Cotton Sheets, Caveat Emptor

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Agricultural employees harvest cotton in a field in Benha, Egypt. Welspun India, a giant home textile manufacturer, is in trouble for falsely advertising bedding products as containing Egyptian cotton. Photograph: Bloomberg/Getty Images

We are in the business of providing comfortable bedding as responsibly as possible, and we are as vigilant on sheets as anything else. So, in the spirit of FYI:

Those luxury Egyptian cotton sheets you own may not be luxurious – or Egyptian

Target and Walmart are pulling bedding off their shelves after a falsely labeled Egyptian cotton products controversy involving manufacturer Welspun India

Alison Moodie

Egyptian cotton, which can be spun into fine, long fiber to make sheets with a high thread count, is synonymous with luxury bedding. But in the last four months, it’s been at the center of a controversy that has caused many Americans to wonder whether the Egyptian cotton sheets they rely on for a good night’s sleep actually contain any cotton from Egypt.

The controversy involves Welspun India, a giant home textile manufacturer. Target, Walmart and a handful of other big US retailers have pulled hundreds of thousands of bedding sheets off shelves after discovering that Welspun had sold them falsely labeled Egyptian cotton products.

Welspun has seen its stock price tumble since Target led the defection in August when an investigation by the retailer found the 750,000 sheets and pillow cases that Welspun labeled as 100% Egyptian cotton were actually fake. Bed, Bath & Beyond, also one of Welspun’s top customers, is the latest to stop selling the manufacturer’s 100% Egyptian cotton sheets, Bloomberg reported.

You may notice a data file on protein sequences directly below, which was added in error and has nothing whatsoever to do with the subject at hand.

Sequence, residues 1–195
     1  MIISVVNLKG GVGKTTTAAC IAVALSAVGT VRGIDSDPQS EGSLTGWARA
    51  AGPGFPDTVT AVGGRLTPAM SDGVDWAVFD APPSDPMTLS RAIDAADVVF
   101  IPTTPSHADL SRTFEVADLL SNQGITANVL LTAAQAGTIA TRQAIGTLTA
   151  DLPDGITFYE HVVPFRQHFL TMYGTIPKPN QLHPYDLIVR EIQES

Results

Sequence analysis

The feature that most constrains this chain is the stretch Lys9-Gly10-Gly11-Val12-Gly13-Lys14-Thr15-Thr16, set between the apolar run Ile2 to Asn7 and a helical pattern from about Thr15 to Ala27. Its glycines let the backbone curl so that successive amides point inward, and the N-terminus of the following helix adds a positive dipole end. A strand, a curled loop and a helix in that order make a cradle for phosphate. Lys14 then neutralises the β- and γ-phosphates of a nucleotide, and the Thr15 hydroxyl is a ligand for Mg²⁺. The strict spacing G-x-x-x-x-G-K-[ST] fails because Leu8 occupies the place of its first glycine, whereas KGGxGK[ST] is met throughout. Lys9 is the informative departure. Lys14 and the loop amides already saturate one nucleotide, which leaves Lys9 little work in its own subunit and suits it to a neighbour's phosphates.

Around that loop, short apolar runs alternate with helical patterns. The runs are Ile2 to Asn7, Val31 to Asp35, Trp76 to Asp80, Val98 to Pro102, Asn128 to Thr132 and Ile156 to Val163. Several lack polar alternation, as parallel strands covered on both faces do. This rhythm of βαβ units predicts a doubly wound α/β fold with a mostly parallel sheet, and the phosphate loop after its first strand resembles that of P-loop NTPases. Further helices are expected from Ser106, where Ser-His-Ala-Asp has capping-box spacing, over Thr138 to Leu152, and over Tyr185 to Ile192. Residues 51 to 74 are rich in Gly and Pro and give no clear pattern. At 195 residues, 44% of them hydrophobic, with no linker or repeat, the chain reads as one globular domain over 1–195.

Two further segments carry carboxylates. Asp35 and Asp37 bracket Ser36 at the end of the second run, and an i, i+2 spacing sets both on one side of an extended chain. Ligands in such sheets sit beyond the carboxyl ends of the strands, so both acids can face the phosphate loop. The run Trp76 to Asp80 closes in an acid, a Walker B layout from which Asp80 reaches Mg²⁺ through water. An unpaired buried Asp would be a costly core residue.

Welspun, which sells its goods in more than 50 countries and generated $871.4m in annual revenue, is now facing consumer lawsuits over the fake sheets. Most recently, a suit was filed against Walmart, alleging that the store knew about the problem for years but didn’t pull the sheets until two months ago.

The trouble Welspun is in demonstrates both the difficulties of monitoring a supply chain that stretches around the world and the power of a label to entice consumers to pay more for products they perceive to be superior. The Egyptian cotton label doesn’t present a verified claim of quality – all it signifies is that the cotton is grown in Egypt. The connection to luxury comes from the recognition that the cotton makes for strong, soft and tightly woven fabric. There are around 10 varieties of cotton farmed in Egypt, according to the US Department of Agriculture.

The trouble of verifying a product’s origin and quality pops up in many products, not just bedding. It’s fairly common in the food business: Whole Foods and Safeway, for example, are among the major supermarkets that have gotten in trouble for selling extra virgin oil from Italy that didn’t meet either claim.

Welspun is now facing a credibility check from one of the industry groups it belongs to: the Better Cotton Initiative (BCI), which aims to promote the production of sustainable cotton. Part of the BCI’s role is to set standards to ensure the cotton its members use is in fact sustainably grown and harvested. Matthew Kempen, a spokesperson for the initiative, noted that the phrase “Egyptian cotton” is more of an indicator of quality and sustainability, and that BCI doesn’t verify the origins of cotton.

“As a matter of precaution we shall be contacting Welspun about the incident to request that they share their corrective actions with us, and we shall remind them that members contribute to credibility of BCI as a framework,” said Kempen…

Read the whole article here.

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